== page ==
Thursday, November 19
2:00 p.m.

Dear sisters and brothers in Christ,

I write you with concern about the ever-increasing spread of COVID-19 and to suggest a few things we can do in response.

Almost every day, I receive reports of clergy, lay leaders, communicants in our diocese, and friends who have tested positive for this virus, are suffering from the symptoms of COVID-19, or, tragically, have died. Very likely, you are experiencing the same. This surge has exceeded the predictions of epidemiologists and physicians in its unbridled spread. It is reported that three million Americans have active coronavirus infections and are potentially contagious, whether symptomatic or not. Some of those are healthcare workers who have put themselves at risk to care for other COVID-19 victims. Their willingness to jeopardize their own health for the care and wellbeing of others is inspiring.

The great majority of cases reported to me involve victims who felt they were taking ample precautions. Nonetheless, exposure occurred, reflecting the pervasive and relentless nature of this virus. We must not relax disciplines of handwashing, mask wearing, keeping distance, and avoiding crowds. The recent news of vaccines with high rates of effectiveness provides comfort and encouragement, and is something for which we can give abundant thanks. At the same time, distribution and vaccination will take an equally heroic effort and considerable time, during which we must increase our vigilance to avoid unnecessary transmission, suffering, and death. We may have tired of the pandemic, but the virus does not tire of us.

In-person gathering

At this writing, Cuyahoga, Medina, and Lucas County Departments of Health have issued stay-at-home advisories, with Cuyahoga County specifically recommending that schools and churches close. We can only assume that other counties will follow, if they have not already. In light of this clear and urgent directive, I encourage the clergy and vestry of each congregation in the Diocese to take a serious and thorough look at the pandemic conditions in their communities, the age and health demographic of their communicants, and the physical practicalities of their buildings (size, layout, HVAC systems, etc.) in making responsible decisions about how to gather. I would prefer that the leadership of individual congregations continue to draw their own conclusions about whether to return to online gathering only. My own inclination would be to do so. Continued increases of infection in our parishes and the communities they serve, however, may soon necessitate that we, together as a diocesan body, suspend all in-person gatherings for worship, formation, and governance. We are watching this closely.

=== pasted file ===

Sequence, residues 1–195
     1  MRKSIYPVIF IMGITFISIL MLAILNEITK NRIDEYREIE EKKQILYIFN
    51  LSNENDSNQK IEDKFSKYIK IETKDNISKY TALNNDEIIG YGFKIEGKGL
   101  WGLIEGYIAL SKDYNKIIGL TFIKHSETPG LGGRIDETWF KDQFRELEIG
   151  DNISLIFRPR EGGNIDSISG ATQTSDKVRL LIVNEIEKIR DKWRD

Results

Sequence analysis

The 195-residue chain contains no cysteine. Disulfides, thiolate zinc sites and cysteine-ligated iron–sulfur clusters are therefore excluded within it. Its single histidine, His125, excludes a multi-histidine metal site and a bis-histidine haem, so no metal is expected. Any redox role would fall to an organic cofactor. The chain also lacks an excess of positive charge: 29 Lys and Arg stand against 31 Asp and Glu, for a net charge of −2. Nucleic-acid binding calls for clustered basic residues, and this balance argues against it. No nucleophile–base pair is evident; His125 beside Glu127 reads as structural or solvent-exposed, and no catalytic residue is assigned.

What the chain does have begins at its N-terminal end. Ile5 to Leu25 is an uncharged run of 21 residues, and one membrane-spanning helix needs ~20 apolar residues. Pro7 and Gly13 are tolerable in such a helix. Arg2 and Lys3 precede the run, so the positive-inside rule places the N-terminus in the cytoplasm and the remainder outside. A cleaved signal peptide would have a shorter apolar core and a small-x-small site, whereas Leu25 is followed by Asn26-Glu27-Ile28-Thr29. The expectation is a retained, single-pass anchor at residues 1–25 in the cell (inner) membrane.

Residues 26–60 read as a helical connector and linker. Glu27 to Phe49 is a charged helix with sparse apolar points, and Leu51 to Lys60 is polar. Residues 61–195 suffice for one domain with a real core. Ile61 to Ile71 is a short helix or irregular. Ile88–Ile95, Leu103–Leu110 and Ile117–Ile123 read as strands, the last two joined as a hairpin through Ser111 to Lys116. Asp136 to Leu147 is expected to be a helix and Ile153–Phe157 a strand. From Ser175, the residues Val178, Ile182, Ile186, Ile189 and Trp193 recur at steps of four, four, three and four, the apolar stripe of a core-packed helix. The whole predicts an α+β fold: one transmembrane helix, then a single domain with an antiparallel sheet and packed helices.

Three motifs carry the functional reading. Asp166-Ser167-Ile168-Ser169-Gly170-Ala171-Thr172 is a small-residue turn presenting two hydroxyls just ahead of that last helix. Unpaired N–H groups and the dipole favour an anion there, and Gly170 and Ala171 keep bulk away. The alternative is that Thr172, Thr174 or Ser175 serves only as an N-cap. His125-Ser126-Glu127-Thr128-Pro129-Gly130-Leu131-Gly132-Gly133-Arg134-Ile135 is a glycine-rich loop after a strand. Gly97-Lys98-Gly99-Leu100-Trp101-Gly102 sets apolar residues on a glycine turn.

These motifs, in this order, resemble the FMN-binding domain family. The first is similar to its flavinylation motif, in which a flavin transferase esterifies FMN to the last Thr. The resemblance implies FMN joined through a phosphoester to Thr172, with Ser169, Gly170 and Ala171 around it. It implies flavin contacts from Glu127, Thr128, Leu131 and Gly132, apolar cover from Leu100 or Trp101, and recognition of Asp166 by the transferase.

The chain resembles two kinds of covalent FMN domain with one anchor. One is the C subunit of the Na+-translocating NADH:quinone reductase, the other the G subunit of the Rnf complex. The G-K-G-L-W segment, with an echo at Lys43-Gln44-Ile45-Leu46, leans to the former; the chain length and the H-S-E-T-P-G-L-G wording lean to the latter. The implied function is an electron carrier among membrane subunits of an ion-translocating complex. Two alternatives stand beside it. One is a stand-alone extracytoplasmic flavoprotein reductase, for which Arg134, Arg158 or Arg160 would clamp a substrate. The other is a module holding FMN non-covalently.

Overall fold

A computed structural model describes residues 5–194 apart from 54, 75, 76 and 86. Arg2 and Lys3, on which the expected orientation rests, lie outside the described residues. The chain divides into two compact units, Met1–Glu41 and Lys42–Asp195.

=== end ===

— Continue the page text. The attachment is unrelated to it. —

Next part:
It is increasingly apparent that physical gathering in our church buildings for Christmas worship will be unlikely for most, if not all, congregations. To address that likely reality, the Cathedral and Bishop’s staffs are preparing two Diocesan services, one for Christmas Eve and one for Christmas Day, to be available online to all congregations and communicants in the evening of December 24 and the morning of December 25, respectively. Both will include participants from around the Diocese for readings, intercessions, and music. The choir that was assembled virtually for our Convention was inspiring. My hope is that we will be able to replicate that with greater participation for these services. As you adjust your plans for celebrating the Nativity in your parish, please keep these offerings in mind. The possibility of worshiping as a diocesan-wide body may alleviate considerable challenges for individual congregations. Further notice will come out shortly.

Names of communicants for prayer

As we move through these fearful and, at times, dispiriting weeks, I would be grateful to know who among our communicants has been or is currently suffering from this virus – those who have contracted COVID-19 and recovered, those who are battling it currently, and those who have died. If you would allow me to keep you and those you love in my prayers by name, it will inform my intercessions and deepen my pastoral companionship with each of you, as well as help us more clearly understand the burden of this pandemic on our people, parishes, and clergy. You may do so by following this link.